December 7, 2016 1:42pm CST
We often hear of women being abused, but check the statistics for men ill-treated by wives or girlfriends. The true number of cases may never be known , because most victims would be hesitant to admit being knocked around -- and so they suffer in silence. Now suppose the abused man plucks up enough courage to lodge a complaint at the police station, who do you think would be more sympathetic to his plight-- a male officer, or a female?.
17 people like this
• United States
8 Dec 16
Don't forget there is emotional abuse, too. My DIL and I watch a British cartoon (Peppa Pig) with my granddaughter. The father is always put upon in subtle ways like he is searching in the dark for a flashlight and hurting himself while the wife finds it and doesn't tell him, saying to the kids he'll be alright. Little slights like this and put downs are common with this cartoon and a bad example to the children watching it. Many men are taken for granted and verbally abused when they don't measure up to what women expect of them. Both men and women are verbally, emotionally, and physically abused. Unfortunately, they often don't think of verbal and emotional abuse as what it is. I think a female officer might be more sympathetic to a male abuse victim. All too often, men laugh at the men who are abused and cast doubts on their manhood. Perversely, if the man hit the woman back he would probably be quickly arrested for abuse when he was defending himself. It's always a bad situation and a tough call for officers.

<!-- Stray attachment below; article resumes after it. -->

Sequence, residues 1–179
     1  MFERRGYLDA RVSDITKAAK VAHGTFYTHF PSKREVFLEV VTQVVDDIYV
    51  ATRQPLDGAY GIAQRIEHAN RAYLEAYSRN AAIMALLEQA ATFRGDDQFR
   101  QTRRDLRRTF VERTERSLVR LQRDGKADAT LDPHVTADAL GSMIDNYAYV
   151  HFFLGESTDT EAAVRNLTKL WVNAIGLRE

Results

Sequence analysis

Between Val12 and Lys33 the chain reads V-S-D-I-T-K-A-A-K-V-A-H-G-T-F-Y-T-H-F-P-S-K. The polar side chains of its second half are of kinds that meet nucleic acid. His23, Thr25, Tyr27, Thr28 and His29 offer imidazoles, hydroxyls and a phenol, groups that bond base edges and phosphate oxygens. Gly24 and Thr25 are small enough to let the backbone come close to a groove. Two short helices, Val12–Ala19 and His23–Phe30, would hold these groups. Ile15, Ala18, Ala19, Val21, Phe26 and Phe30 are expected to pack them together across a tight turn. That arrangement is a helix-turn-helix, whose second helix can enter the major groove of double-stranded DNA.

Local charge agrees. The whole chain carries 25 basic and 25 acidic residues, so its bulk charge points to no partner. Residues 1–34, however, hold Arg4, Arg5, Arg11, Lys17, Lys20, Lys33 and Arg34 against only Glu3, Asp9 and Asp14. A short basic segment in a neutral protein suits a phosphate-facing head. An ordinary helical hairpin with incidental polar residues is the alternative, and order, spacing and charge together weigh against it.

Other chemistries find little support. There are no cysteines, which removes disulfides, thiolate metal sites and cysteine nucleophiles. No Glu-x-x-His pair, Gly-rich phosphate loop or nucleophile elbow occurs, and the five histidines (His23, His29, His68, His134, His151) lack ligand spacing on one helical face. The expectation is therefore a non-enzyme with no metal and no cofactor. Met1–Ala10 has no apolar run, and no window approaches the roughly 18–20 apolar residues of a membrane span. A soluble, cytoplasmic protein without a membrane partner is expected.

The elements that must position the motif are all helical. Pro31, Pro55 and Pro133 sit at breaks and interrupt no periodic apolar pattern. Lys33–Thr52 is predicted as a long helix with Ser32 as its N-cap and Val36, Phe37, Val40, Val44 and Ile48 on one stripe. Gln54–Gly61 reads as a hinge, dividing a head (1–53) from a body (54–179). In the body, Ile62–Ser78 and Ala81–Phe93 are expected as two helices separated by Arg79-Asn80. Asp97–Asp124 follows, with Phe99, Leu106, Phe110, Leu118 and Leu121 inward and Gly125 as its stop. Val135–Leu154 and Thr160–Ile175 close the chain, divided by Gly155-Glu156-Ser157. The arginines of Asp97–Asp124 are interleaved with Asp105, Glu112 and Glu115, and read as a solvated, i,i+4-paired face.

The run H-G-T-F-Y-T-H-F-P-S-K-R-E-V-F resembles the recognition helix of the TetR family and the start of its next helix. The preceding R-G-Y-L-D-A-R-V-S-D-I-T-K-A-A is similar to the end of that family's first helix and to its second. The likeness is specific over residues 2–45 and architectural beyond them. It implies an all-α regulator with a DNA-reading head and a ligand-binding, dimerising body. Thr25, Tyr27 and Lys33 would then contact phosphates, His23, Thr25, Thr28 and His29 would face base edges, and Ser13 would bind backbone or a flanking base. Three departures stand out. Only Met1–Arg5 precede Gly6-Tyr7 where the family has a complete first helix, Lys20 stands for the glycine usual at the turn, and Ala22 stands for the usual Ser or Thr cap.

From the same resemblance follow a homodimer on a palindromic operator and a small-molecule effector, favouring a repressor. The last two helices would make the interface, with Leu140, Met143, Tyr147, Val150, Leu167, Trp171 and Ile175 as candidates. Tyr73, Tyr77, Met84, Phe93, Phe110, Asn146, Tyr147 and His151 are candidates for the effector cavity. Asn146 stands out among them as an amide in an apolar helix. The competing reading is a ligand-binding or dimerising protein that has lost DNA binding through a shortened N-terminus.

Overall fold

• Fairfield, Texas
8 Dec 16
It is true and I think for the abused man refraining from telling the police is that sometimes that kind of abuse starts at an early age (most likely the mother) and the man winds up thinking this is the way it's suppose to be and that's why they say nothing. In the man's case, he should document the bruises and possibly record any verbal abuse. That way going to the police, at least he has proof of what is happening. No woman or man should stand for it @Kandae11 . The best thing for the person to do is to leave the situation.
• United Kingdom
9 Dec 16
I would hope that both male and female officers would act professionally. I think women, in general, are natural more sympathetic (or, at least, more willing to show that they are). On the other hand, there are plenty of women who would not take a man seriously if he is abused, while another man might see it as brave to admit to being a victim. So, I really don't know.